The average price for a gallon of gas is up 30 percent nationwide since November — from $2.20 to $2.85, according to AAA — and shows no signs of stopping, an expert warns.

The price topped $3 in nine states over the weekend, and some analysts believe $4-per-gallon gas is coming soon, The Washington Times reported Sunday.

Supply and demand is the biggest factor in the rise in prices, as the Organization of the Petroleum Exporting Countries announced it would keep its oil production cuts for another month despite the increasing demand for gasoline as the coronavirus pandemic eases worldwide.

While high gas prices are nothing new, there is concern that the prices could get astronomical if President Joe Biden and Democrats in Congress enact policies that would discourage the use of nonrenewable energy.

Myron Ebell of the Competitive Enterprise Institute’s Center for Energy and Environment told The Times that liberal policies to fight climate change would be a losing issue politically, but that may be a risk Democrats are willing to take.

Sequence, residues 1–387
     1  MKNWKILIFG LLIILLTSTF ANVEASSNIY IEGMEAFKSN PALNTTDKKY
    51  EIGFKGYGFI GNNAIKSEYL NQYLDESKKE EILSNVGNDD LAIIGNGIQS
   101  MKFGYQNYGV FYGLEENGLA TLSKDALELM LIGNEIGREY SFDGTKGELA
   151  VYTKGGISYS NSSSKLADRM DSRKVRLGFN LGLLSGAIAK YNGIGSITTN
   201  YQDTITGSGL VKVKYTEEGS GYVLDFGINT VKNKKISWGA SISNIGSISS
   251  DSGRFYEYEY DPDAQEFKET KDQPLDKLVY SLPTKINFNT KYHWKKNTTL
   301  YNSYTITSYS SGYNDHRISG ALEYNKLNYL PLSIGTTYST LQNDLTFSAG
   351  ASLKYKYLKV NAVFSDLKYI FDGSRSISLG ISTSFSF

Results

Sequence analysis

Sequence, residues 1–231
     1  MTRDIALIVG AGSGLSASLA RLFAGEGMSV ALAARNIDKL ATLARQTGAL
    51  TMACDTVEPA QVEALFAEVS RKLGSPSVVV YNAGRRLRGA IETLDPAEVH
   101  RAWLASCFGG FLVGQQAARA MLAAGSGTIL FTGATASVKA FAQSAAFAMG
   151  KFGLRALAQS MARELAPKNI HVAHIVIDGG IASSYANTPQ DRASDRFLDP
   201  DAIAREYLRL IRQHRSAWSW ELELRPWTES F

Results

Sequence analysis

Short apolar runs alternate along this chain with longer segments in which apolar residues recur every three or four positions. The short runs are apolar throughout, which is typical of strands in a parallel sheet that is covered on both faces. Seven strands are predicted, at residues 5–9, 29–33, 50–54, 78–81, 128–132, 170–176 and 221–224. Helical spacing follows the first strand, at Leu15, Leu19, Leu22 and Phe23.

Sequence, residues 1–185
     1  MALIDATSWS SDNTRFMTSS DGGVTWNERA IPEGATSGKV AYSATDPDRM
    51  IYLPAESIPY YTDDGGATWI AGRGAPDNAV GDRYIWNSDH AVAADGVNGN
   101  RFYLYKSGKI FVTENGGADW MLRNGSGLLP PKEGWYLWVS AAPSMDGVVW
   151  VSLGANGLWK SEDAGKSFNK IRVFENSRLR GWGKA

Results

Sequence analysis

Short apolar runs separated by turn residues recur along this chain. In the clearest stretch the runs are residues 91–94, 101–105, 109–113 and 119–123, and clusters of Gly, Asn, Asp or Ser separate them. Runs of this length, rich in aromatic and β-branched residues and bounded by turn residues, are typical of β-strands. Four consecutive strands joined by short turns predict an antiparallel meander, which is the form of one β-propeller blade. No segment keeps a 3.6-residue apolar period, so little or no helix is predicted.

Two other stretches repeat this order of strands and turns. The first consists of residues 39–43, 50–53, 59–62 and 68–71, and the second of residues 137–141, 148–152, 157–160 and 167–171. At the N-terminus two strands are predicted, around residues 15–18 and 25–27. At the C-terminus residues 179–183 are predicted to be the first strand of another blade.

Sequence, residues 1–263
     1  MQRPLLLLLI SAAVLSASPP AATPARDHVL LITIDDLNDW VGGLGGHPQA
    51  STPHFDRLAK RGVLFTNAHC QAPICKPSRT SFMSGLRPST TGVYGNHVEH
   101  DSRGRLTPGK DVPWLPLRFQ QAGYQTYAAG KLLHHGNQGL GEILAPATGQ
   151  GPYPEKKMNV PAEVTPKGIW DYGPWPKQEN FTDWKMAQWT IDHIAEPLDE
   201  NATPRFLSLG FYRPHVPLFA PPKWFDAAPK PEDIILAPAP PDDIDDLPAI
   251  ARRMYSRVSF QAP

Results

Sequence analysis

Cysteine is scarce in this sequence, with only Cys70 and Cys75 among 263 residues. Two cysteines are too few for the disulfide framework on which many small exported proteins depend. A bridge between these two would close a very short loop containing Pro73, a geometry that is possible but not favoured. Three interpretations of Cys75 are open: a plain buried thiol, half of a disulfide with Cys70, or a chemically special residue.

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“It’s also in their policy interest to have high gasoline prices … to convince people to get off gas-powered cars and transition to electric vehicles,” Ebell said.

“They really do want high gas prices, in a way, but they have to balance that against the political damage done when gas prices skyrocket.”

The decision by OPEC to keep production cuts at the same level, along with Biden’s desire for the United States to transition to alternative energy, is a disaster for American consumers.


 

Ebell’s assumptions are true in the sense that Americans are already feeling the negative impact of paying more for gas, especially in the current economy.

Raising gas prices is a burden to frequent commuters as the total to fill a tank of gas adds up quickly.

Republicans need to make energy costs a top campaign issue in 2022 and 2024 if these high prices continue, as voters are already tying Biden and the Democrats to the situation.

 

The president has made it clear by halting the federal leases for oil and gas production and revoking the permit for the Keystone XL Pipeline that he would like to see the industry make significant changes.

 

In addition, Biden re-entered the Paris Climate Agreement, which has a goal of net-zero carbon emissions in the United States by the year 2050.

 

It would not be accurate to solely blame Biden for the rise in prices, but further actions against the U.S. oil and gas industry would make him the prime suspect.




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